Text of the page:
affiliated to the International Association of Constitutional Law
The BBC’s longest-running drama series Doctor Who is currently celebrating its 50th anniversary. Doctor Who might seem rather distant from matters of constitution and law. In fact questions of politics, law and the constitution continually arise in Doctor Who stories. Each new planet on which the Doctor’s time-and-space machine, the Tardis, materialises, has a different constitutional story to tell. And a series which purports to be about distant epochs, far-flung planets and bizarre monsters, is often really about Britain, its politics and its law.
To instance a few issues constantly raised in the show:
In the interdisciplinary spirit of the age, the Doctor’s adventures merit academic attention, including from scholars in the fields of law and politics. To this end, Westminster Law School is organising a symposium on the programme’s legal and political aspects:
Through allegory, Doctor Who provides not only a reading of the state of Britain but an underlying normative critique of the country’s governance. This is a good thing, because we live in an era of political convergence in which differences between the British political parties have significantly narrowed. This has contributed to a lack of incisive critique of the political and legal status quo outside the academy. The same spirit has to some extent seeped into academia, leading to a “flattening” of criticism. Against this backdrop, thoughtfully-written, multi-authored programmes such as Doctor Who can contribute to providing the more critical voices presently lacking. It is to be hoped that Doctor Who – besides entertaining millions of people in Britain and worldwide – continues for years to come to contribute to the political and legal controversies surrounding our permanently-contested national identity.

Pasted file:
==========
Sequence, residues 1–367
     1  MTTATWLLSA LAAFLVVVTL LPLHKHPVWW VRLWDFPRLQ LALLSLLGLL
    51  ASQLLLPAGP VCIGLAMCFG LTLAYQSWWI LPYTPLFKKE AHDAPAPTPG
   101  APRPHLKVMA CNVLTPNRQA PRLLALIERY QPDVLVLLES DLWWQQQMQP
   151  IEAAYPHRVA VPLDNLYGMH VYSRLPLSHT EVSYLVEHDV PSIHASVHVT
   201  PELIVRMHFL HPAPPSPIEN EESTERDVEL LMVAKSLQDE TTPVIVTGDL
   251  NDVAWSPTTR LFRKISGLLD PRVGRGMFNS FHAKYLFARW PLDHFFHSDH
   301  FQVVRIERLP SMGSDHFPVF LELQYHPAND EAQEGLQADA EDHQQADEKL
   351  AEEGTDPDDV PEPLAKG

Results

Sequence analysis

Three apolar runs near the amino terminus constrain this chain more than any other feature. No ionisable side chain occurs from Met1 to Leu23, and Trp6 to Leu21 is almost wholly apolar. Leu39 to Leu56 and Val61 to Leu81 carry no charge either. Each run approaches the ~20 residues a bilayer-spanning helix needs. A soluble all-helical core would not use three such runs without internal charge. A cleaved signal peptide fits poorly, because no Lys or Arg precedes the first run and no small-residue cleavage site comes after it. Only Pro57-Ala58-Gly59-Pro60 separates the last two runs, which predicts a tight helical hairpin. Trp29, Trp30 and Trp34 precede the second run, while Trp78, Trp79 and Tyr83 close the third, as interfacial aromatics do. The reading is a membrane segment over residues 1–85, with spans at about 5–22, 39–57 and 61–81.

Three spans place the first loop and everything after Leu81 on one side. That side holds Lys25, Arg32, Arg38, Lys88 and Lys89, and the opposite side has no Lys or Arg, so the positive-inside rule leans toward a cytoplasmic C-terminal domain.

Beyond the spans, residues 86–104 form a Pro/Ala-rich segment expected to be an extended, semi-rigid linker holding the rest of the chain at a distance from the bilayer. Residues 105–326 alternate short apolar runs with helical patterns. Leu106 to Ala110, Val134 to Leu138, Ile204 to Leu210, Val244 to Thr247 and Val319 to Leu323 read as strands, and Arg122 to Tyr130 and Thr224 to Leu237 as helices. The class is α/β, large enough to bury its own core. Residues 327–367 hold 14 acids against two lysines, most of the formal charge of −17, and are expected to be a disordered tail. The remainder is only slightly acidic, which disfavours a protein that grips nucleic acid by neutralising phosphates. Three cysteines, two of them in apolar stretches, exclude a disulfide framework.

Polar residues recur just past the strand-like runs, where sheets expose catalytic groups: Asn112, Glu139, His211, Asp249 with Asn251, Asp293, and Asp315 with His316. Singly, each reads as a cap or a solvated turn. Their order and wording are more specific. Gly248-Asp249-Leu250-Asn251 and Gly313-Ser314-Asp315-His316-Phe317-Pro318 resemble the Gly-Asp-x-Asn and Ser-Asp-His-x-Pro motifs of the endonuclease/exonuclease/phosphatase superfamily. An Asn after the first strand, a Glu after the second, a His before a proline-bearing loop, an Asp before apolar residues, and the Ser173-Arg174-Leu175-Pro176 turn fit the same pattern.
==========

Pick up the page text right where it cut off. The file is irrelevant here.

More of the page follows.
Danny Nicol is Professor of Public Law, University of Westminster.
Suggested citation: D. Nicol, ‘Doctor Who and the Constitution’ UK Const. L. Blog (18th November 2013) (available at http://ukconstitutionallaw.org).